"Wavescan" is a weekly program for long distance radio hobbyists produced by Dr. Adrian M. Peterson, Coordinator of International Relations for Adventist World Radio. AWR carries the program over many of its stations (including shortwave). Adrian Peterson is a highly regarded DXer and radio historian, and often includes features on radio history in his program. We are reproducing those features below, with Dr. Peterson's permission and assistance.
Wavescan 410, November 3, 2002
The Mystery of Irish Radio History - BBC Era
As a security precaution during the era of the European Conflict, the BBC in London implemented a massive project for the diversification of its shortwave locations. Part of this planning was for the construction of shortwave stations in two or perhaps three countries overseas, as well as the installation of additional shortwave facilities at widely separated localities within the United Kingdom.
With the co-operation of the two national governments, large shortwave stations were planned and constructed in Canada and Australia; at Sackville in New Brunswick and at Shepparton in Victoria. Similar plans were enacted for the island of Singapore, and the electronic equipment was sent out by ship on two separate occasions, though on both occasions the consignment never reached its intended destination. The ships were sunk en route.
In addition to the planned overseas locations, the BBC also diversified its shortwave locations within the United Kingdom with the installation of shortwave facilities in eight different locations, including one in Northern Ireland. In September 1939, the BBC owned only eight shortwave transmitters, and these were all located at Daventry, though they were also using a couple of units in the communication station located at Rugby. However, four years later, the BBC was on the air from 43 different shortwave transmitters at the eight different locations.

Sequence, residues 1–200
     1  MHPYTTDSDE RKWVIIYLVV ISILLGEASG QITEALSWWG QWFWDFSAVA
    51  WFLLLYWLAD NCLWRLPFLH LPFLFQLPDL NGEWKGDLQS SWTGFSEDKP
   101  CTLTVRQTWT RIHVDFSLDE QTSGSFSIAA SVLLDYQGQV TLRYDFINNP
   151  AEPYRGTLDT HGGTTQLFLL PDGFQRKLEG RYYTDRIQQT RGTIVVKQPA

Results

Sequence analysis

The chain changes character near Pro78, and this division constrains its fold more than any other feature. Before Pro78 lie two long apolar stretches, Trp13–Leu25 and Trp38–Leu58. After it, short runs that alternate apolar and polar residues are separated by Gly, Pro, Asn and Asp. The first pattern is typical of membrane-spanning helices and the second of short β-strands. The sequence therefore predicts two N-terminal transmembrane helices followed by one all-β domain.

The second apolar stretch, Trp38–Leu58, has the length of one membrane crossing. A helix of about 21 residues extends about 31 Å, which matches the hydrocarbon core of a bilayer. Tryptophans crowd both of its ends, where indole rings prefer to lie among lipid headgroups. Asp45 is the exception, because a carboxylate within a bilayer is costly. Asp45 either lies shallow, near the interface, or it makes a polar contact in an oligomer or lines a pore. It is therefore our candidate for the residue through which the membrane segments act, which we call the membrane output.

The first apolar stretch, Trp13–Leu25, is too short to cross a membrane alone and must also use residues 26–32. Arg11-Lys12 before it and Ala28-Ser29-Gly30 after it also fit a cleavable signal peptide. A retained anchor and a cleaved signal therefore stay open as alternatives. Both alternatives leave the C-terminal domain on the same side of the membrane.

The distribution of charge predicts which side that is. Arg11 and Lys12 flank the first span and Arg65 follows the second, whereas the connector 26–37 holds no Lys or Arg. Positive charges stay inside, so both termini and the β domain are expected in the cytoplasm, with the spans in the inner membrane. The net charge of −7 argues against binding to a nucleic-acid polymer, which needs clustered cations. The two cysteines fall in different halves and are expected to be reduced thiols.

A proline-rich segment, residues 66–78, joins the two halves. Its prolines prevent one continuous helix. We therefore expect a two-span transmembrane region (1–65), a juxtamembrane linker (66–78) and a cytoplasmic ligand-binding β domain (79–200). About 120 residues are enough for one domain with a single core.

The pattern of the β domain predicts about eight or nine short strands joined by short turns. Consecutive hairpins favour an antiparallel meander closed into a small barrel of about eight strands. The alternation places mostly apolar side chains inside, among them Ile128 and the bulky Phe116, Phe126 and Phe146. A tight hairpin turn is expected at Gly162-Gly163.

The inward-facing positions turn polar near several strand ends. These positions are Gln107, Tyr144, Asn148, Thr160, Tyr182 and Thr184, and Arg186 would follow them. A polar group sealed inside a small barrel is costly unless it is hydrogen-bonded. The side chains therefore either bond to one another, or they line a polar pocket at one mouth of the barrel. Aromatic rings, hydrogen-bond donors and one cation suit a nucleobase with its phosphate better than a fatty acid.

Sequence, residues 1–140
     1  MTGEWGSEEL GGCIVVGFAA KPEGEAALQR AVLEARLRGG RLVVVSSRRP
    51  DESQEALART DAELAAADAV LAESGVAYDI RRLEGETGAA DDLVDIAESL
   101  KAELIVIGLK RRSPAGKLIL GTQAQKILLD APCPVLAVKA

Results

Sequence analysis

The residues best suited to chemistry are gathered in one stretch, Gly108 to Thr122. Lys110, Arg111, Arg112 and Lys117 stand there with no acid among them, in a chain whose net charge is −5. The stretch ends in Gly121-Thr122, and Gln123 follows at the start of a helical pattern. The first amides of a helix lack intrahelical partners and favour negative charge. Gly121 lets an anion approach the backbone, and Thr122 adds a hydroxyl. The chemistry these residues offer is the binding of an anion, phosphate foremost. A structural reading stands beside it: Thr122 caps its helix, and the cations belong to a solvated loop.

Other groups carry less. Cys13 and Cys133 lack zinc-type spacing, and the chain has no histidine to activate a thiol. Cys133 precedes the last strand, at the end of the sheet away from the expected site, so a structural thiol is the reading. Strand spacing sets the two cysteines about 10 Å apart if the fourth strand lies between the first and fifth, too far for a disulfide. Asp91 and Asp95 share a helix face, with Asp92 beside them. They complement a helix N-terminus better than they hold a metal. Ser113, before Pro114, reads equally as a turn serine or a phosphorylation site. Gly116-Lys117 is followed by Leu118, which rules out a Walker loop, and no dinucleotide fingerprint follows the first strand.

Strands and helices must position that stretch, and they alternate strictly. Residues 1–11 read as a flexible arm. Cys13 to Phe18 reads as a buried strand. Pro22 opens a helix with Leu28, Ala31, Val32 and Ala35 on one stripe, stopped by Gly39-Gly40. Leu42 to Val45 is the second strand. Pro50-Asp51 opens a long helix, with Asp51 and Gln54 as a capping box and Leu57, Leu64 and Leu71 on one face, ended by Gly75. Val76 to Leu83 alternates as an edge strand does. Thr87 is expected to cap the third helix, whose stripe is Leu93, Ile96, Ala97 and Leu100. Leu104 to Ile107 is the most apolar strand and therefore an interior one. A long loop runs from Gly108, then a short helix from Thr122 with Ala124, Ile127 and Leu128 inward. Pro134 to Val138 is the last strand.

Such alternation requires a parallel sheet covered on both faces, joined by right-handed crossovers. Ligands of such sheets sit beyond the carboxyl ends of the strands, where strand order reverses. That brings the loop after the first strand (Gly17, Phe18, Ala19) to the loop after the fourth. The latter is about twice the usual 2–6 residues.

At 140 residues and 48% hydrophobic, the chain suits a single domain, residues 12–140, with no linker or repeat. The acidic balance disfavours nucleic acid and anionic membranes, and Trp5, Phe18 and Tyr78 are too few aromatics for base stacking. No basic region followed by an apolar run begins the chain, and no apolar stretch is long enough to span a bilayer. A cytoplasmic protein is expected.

During this concentrated time period, five new transmitters were installed at Daventry, and huge new transmitter bases were constructed at Rampisham, Skelton and Wooferton. In addition, two large mediumwave transmitters at Clevedon near Bristol and at Start Point were converted for daytime usage on shortwave, and an additional shortwave unit was installed at Start Point.
Over in Northern Ireland, a 100 kw shortwave transmitter was co-sited with the 100 kw mediumwave unit at Lisnagarvey, near Belfast. The mediumwave station at this location was quite new at the time. It was commissioned in 1937 as a replacement for the earlier small unit which had been on the air under the callsign 2BE.
The BBC shortwave transmitter in Northern Ireland was a 100 kw unit, model number SWB18, manufactured by the Marconi Company in England. This transmitter was taken into regular service on November 20, 1941 and it was on the air with the BBC as Sender 51.
During the first year, this unit carried a relay of the Forces Program on 6140 kHz, after which it carried the general Overseas and Foreign Service. This transmitter left the air on May 26, 1946, when it was officially "mothballed." We would presume that it was afterwards removed.
Thus, the only regular shortwave station on the air in Northern Ireland was a 100 kw unit operated by the BBC for a period of five and a half years. If ever there were any QSLs issued by the BBC for this station, they would indeed be very rare.